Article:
AUGUSTA — Tens of thousands more Maine Democrats voted in the last election than did Republicans, amid a burst in turnout among Democrats energized by opposition to President Trump.

Nearly 42,000 more Democrats cast ballots in November than did Republicans – roughly three times the gaps seen in 2010 and 2014 – according to an analysis of state voting data by The Associated Press.

That could prove “worrisome” for Republicans in Maine and especially for Republican Sen. Susan Collins if, as expected, she chooses to seek re-election in 2020, said University of New England political science professor Brian Duff.

“I think it’s going to be an incredibly tricky year for her, especially if the Democrats find a strong candidate,” Duff said.

Maine’s partisan breakdown remained roughly the same between 2010 and 2018: A third of registered voters are Democrats, while 27 percent are Republican. The rest are independents or Greens.

But in 2018, more of those Democrats headed to the polls than have in recent midterm elections. Roughly 70 percent of registered Democratic voters cast ballots in November, up from 61 percent in 2010.


Republicans also saw 70 percent turnout, but that’s been more typical for the party in recent elections. In 2010, 68 percent voted. Independent voter turnout was also up, from 45 percent in 2010 to 51 percent last year.

The figures in Maine reflect what happened nationally in 2018: Turnout, driven by both support for and opposition to Trump, was unusually high for a midterm election.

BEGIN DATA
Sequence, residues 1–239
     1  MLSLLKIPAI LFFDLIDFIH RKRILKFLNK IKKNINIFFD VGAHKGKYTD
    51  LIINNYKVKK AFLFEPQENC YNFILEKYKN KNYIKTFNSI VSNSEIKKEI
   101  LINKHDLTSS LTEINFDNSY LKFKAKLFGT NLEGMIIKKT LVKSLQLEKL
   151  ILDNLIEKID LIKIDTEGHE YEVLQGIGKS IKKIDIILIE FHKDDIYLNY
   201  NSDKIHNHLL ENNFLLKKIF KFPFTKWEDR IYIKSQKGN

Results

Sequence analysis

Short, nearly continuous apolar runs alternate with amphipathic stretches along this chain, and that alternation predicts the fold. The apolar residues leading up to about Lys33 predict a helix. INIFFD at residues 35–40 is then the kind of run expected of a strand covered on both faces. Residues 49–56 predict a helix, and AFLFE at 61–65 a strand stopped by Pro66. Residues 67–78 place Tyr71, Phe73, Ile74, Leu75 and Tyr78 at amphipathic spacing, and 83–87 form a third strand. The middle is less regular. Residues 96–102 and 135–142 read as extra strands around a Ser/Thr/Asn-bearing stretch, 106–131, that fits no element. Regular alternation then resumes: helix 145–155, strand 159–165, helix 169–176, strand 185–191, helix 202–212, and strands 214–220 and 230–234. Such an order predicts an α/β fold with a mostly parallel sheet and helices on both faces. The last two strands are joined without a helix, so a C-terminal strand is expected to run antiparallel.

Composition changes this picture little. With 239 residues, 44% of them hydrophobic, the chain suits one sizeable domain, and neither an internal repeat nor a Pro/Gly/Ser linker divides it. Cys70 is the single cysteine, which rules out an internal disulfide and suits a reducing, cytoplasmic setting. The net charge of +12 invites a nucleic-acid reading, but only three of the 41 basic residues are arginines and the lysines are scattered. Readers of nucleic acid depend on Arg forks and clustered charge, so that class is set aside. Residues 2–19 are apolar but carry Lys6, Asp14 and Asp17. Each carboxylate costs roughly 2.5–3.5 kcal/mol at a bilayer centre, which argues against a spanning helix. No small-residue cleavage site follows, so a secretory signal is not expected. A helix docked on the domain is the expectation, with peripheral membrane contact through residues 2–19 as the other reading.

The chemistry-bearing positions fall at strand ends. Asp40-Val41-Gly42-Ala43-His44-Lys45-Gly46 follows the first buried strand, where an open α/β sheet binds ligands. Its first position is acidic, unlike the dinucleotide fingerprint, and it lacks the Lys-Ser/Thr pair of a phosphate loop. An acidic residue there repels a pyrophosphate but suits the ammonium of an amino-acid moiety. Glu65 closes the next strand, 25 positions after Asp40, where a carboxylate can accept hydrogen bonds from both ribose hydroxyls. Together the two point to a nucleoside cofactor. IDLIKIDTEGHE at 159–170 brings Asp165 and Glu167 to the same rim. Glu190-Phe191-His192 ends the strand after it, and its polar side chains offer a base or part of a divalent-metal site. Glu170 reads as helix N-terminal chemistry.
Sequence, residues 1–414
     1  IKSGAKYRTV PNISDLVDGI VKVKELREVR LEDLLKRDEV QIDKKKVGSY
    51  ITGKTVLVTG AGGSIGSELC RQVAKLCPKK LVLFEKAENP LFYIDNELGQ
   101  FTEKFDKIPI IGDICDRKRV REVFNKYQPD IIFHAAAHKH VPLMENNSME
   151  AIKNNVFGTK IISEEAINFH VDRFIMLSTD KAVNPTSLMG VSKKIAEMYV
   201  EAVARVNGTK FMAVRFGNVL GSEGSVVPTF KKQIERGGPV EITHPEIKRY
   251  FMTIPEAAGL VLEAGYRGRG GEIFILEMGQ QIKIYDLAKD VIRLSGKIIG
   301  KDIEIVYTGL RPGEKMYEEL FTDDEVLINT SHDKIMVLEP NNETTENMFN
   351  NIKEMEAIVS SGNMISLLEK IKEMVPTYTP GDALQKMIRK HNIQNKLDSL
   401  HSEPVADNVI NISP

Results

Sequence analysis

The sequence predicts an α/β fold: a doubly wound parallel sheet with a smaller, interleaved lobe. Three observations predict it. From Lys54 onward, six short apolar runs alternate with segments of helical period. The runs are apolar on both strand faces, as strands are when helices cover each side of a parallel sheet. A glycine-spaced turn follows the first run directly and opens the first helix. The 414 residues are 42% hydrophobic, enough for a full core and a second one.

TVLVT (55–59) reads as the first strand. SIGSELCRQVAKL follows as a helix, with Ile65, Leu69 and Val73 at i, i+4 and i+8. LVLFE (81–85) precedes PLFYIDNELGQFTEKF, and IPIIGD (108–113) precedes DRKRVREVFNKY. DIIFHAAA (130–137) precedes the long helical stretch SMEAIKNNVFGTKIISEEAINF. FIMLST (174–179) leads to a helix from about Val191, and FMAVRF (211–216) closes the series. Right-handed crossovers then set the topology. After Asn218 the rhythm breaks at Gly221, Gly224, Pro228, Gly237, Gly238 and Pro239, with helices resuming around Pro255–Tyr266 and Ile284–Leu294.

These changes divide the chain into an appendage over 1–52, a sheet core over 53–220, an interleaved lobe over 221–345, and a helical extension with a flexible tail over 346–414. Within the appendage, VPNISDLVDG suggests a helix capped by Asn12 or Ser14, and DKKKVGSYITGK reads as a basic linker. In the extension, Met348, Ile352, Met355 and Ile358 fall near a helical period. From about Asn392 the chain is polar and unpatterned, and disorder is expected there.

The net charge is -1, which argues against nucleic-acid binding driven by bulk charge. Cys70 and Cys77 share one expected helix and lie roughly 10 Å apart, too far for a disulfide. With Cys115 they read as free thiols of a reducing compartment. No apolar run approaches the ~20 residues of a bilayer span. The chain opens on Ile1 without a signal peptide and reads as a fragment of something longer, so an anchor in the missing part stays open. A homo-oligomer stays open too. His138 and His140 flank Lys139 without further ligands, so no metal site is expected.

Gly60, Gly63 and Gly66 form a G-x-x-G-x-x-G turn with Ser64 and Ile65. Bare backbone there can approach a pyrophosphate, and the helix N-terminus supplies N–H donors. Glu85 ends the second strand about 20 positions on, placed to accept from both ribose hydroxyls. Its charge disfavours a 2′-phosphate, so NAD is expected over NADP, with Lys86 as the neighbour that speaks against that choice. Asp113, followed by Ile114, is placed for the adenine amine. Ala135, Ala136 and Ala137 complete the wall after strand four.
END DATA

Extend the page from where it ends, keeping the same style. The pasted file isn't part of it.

“Whether you love him or you hate him, he inflames passions. And so I think that in 2020, it very well could be another very special year in terms of turnout,” said University of Florida political science professor Michael McDonald, who compiles voting data through the U.S. Election Project.

The AP analysis included a comparison between turnout in 2010 – when Maine voted in a new Republican governor and a Republican-led Legislature amid a tea party wave – to November, when Democrats turned the tide to control both the state Senate and House and elect Maine’s first female governor.

Enthusiasm appears to be growing among Democratic voters as Maine’s population shrinks in rural, conservative areas and grows in suburban communities.

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